We just can’t get enough of beautiful brickwork. This ages-old sustainable material that was once the embodiment of something solid and impenetrable now allows architects to create living spaces that feel bright and airy. The brick patterns give birth to one-of-a-kind aesthetics of raw textures, bright red hues and the ever-changing interplay of shadow and light.
When Ho Chi Minh City-based CTA, also known as Creative Architects, were approached by a multi-generational family who wanted a two-storey residence in the city of Bien Hoa, Vietnam, one of the most important parts of the briefing was to design a light and airy house that would be able to ‘breathe’ 24/7 by itself. The idea of building from perforated bricks, that allow fresh air and natural light to filter in from the outdoors, naturally came to mind to the architects of the studio.
The square bricks for the Wall House were salvaged from the building sites of properties nearby. The bricks were punctuated to feature four holes, and then arranged in an irregular stacked formation. Burnt and blackened bricks were used to add dark patches of colour into the pattern.
The main entrance is accessed with a wide flight of tiered stairs printed with a pattern that matches the bricks on the facade. Sunlight seeps inside through the apertures in the brickwork as weel as through the house’s glass roof. A small garden of plants and trees surrounds the room to enhance the sense of outdoors.
A dynamic brick façade that wraps the exterior of Vinod residence in the city of Coimbatore, India, designed by Murali Architects, an innovative design practice in Tamil Nadu, combines both a regular grid formation and intricate patterns. The brickwork extends to the interior of the house cladding most of the inner walls.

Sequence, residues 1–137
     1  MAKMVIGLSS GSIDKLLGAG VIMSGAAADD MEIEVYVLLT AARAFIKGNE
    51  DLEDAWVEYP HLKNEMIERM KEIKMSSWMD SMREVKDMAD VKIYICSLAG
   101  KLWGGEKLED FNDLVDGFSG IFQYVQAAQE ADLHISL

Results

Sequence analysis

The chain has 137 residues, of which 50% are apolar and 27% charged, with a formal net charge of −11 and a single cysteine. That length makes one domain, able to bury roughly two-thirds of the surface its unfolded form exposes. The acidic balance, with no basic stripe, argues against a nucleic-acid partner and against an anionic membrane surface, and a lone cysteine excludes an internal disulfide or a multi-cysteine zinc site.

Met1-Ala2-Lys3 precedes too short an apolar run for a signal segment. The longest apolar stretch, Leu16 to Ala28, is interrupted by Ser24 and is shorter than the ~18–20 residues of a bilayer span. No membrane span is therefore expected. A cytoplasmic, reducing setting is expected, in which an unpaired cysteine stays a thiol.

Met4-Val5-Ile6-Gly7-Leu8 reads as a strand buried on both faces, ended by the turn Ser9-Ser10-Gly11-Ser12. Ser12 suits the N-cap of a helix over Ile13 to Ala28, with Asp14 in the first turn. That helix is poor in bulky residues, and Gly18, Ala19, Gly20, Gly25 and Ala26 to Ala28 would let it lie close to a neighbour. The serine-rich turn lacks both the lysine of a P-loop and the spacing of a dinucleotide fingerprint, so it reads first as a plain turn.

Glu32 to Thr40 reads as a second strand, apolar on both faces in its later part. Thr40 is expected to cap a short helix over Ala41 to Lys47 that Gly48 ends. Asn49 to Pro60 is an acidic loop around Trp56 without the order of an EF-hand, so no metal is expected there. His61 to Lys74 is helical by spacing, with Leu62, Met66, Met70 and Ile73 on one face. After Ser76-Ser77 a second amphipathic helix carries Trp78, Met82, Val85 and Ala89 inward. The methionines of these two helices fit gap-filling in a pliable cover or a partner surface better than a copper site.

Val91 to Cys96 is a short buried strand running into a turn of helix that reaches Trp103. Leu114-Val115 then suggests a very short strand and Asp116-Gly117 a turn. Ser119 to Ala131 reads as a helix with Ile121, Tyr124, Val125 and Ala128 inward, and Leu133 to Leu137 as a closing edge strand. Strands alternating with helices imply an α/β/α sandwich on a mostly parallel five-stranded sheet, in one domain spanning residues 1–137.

The three levels of the residence are connected via open courtyards and glass flooring, which allows natural sunlight entering through skylights filter inside. The ground floor accommodates a living room and a kitchen, as well as a swimming pool and a central courtyard. The mezzanine level includes a guest room and an entertainment room, while the upper level features a master bedroom with a landscape courtyard and private balconies on either side, and a child’s bedroom with an elongated bay window and an inclined wall.
Eye-catching appearance that would make the building stand out among surrounding houses alongside healthy air circulation and natural lighting have been the main priorities according to the brief for Elora House commissioned by a family of four from Jakarta-based Atelier Bertiga. It is only natural that the practice has opted for a skin of solid void brick.
Taking advantage of the land plot of 130 sqm, the architects have divides the building into two volumes to separate the services and garden from the main program on the west with the overall goal of maximizing land area. The first mass is placed on the west side of the land to cover the sun’s heat from the west, while the second one is placed on the southeast.
This brick façade equipped with a louver glass behind it helps reduce the heat entering from the east during the day and enables natural air circulation in the residence. By using the chimney effect, the incoming natural airflow is forwarded through the void in the middle. Hot air then exits through the wall gap in the roof to maintain the room temperature into cooler state. The existence of a high void in the middle of the house is not only used to provide fresh air intake and natural lighting – in the future, vertical additions of space can be made, if necessary. For instance, a mezzanine in the master bedroom functions as a work area.
As the building is located near an industrial area, the upper level of the main façade of the building is dominated by the dark grey brickwork that not only endows the building’s appearance with austerity and brutality but also minimizes dust for maintenance purposes. The first floor, which accommodates core spaces such as the family room, dining room, and kitchen, is clad in brighter and contrasting terracotta bricks. The architects left rooms on the lower level deliberately exposed to a garden shaded by lee kwan yeu vines to show the connection between the outside and the heartwarming interior.